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Disproportionate number of women in unpaid ministry raises equality questions, says WATCH

12 March 2021

At the age at which women become a majority of ordinands, many dioceses will not train them for stipendiary posts

Huw Ryden

Exeter deacons in 2019

Exeter deacons in 2019

THE disproportionately high number of female clerics in non-stipendiary (unpaid) ministry in the Church of England compared with male clerics, most of whom are in stipendiary (paid) posts, raises questions about how women priests are perceived and valued, the campaigning group Women and the Church (WATCH) has said.

In its annual analysis of data collected by the C of E Research and Statistics department, WATCH reports that, despite the slight increase in recent years in the proportion of women who are receive a stipend while serving in a parish post, and the fact that more women are currently being ordained than men (News, 19 June 2020), about 70 per cent of the stipendiary clergy are male.

There are thousands more male priests (13,680 in 2019) than female (6290), and yet more than half of all priests in self-supporting ministry (SSM, which includes NSMs and ordained local ministers) are women (51 per cent; 1460); in the diocese of Rochester, women made up 70 per cent of its SSMs but only 23 per cent of its stipendiaries.

“This raises a question about the culture of these dioceses, and whether women will be able to flourish in ministry there,” the report says. “SSM clergy are essential to the ministry of the C of E, but the Church needs to value this ministry fully, and ensure that women in such roles who are under pension age are not being exploited by lack of pension and NI contributions.”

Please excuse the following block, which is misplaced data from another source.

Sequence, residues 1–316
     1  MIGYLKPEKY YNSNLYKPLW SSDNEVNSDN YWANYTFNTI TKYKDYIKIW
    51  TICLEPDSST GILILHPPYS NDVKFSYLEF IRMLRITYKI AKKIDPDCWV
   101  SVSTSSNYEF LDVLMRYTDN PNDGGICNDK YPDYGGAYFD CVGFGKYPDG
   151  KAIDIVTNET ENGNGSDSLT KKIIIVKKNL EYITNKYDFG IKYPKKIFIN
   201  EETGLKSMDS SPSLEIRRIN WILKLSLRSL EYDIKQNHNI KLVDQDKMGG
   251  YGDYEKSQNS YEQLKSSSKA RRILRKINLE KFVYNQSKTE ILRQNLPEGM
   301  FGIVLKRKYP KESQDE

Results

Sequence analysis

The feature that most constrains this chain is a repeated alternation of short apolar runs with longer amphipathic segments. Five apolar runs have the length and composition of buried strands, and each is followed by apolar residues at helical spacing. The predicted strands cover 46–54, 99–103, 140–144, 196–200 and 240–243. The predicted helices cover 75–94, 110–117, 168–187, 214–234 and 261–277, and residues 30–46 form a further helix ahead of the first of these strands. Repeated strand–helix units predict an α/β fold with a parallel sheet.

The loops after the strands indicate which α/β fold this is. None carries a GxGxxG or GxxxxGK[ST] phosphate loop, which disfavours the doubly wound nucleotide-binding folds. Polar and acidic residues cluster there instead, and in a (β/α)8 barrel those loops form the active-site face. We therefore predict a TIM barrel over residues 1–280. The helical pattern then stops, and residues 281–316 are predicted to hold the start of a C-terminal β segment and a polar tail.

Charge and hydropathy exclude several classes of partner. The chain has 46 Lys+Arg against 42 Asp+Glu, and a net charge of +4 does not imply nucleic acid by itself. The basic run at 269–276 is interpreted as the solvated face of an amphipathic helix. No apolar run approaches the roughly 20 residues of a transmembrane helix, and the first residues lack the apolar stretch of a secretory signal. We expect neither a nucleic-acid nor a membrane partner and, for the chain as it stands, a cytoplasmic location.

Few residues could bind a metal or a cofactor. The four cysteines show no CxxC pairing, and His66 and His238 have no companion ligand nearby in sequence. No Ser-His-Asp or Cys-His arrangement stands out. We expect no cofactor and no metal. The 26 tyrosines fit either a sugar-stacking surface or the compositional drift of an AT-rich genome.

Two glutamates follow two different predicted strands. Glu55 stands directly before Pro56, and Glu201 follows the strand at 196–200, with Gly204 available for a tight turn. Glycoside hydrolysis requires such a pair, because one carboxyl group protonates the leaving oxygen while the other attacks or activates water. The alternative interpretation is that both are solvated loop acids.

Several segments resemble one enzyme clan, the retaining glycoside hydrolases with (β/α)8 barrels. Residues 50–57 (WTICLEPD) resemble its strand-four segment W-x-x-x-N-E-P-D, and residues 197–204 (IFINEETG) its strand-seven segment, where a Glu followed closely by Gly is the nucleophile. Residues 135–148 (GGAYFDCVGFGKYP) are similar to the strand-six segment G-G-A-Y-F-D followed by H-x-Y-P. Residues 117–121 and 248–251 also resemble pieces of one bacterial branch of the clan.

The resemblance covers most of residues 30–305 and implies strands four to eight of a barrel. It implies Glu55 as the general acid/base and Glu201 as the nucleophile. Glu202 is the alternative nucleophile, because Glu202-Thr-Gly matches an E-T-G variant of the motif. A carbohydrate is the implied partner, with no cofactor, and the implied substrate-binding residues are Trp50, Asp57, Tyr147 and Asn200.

In 2019, in half the dioceses, fewer than one third (29 per cent) of stipendiary clergy were women, compared with 23 per cent in 2013. Only in Ely diocese was this figure more than 40 per cent, in 2019. This has been the case since 2013. WATCH says: “We would not like to think that this is a natural ceiling for the proportion of women in stipendiary parish ministry.”

In these few years, some dioceses had consistently increased the proportion of women in stipendiary posts, including Liverpool diocese (from 25 to 34 per cent); Worcester diocese (from 23 to 33 per cent); and Bristol diocese (from 17 to 28 per cent). Others had decreased: Hereford diocese from 38 to 31 per cent, and Sheffield from 29 to 26 per cent. In 2019, the diocese in Europe had the lowest proportions (14 per cent), followed by the Channel Islands (15 per cent) and Exeter and Chichester dioceses (16 per cent).

WATCH also found a disparity between the number of men in incumbent posts (such as Team Rector, Rector, or Vicar) and the number of women in “incumbent status” posts, such as Team Vicar or Priest-in-Charge.